Product data management (PDM) and product lifecycle management (PLM) workflow systems have become sophisticated enough that their use and management across the enterprise has to be overseen, distributed and trained on. This means document controllers need to learn new systems and new skills, including training. Similar to when document control departments were formed to funnel and control the essential engineering documents and product data documents, so too should the group be the handler and supervisor for the digital assets.

Like other transformative processes, moving to digital asset management requires full support and resourcing from senior management. In a recent McKinsey article, it was shown that as companies digitize their processes top-line growth actually slows, but overall profitability growth increases. Though a bit counterintuitive, this digital transformation means greater competition and reduced product development cycles, ultimately forcing down the growth in the revenue curves. But the internal improvement in productivity, error reduction, time to market, and labor input means profitability increases at a greater growth rate, a typical industrial investment scenario.

It's More Than Just “Controlling” Documents

As information has become almost totally digital, the control of documents in the organization becomes the governor on the pace and ubiquity of many of the company workflows. The movement of secured digital files to users, vendors/contractors, approvers, revisers, and reviewers is an integral part of many workflows from design, to QA, to production, to customer support, to sales, to finance and even to legal.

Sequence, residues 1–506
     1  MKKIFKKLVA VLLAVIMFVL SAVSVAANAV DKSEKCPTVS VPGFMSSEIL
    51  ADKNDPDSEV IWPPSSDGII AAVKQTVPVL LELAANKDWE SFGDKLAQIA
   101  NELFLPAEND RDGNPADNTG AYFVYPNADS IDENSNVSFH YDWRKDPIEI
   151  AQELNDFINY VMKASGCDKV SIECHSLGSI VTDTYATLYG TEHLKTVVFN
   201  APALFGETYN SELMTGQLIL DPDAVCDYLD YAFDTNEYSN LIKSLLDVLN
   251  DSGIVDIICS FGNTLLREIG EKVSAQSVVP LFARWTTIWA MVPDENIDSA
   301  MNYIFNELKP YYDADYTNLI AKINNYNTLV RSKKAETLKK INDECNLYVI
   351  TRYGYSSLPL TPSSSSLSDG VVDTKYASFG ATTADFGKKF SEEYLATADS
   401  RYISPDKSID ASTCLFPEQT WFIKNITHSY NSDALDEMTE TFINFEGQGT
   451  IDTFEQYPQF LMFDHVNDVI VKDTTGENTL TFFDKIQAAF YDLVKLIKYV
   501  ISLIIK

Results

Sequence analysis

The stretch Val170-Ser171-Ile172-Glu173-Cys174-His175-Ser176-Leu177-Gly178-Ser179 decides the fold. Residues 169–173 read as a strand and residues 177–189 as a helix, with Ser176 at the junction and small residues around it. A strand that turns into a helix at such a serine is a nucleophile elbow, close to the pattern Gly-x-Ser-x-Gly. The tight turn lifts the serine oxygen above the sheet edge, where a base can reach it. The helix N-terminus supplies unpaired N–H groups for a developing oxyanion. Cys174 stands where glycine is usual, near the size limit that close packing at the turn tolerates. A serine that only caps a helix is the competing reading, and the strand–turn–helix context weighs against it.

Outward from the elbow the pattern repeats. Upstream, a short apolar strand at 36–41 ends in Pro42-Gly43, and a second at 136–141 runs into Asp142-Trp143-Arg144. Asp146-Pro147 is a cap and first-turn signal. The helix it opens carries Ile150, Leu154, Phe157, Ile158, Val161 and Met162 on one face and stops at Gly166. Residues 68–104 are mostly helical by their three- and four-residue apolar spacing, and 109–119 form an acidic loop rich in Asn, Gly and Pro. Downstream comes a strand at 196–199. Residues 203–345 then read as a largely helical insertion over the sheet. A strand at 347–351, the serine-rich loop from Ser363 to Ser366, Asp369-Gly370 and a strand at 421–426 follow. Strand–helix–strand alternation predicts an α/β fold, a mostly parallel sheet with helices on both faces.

The upgrade to the resourcing and competency of the document control group has a substantial ripple effect throughout the organization. This impact is subtler than say bringing in a new accounting system or new CFO, where specific capabilities or talents are being brought to bear. Here, the tentacles of where, how, when, and the security of the information impacts workflows and results throughout the company. There is no particular expertise focused on a particular function or department, the proficiency is in the art of information distribution, security and relevancy.

For document-centric workflows, the next step in elevating productivity is about getting the right information to the right people at the right time, as quickly and efficiently as possible. For example, getting product schematics to the production floor the minute QA or R&D have released the information with the assurance that all the appropriate reviewers and approvers have completed their tasks. Delays, of course, cost time to market and productivity. Errors in the information cost rework and productivity. Using the wrong version of the information costs rework, possible legal issues and productivity.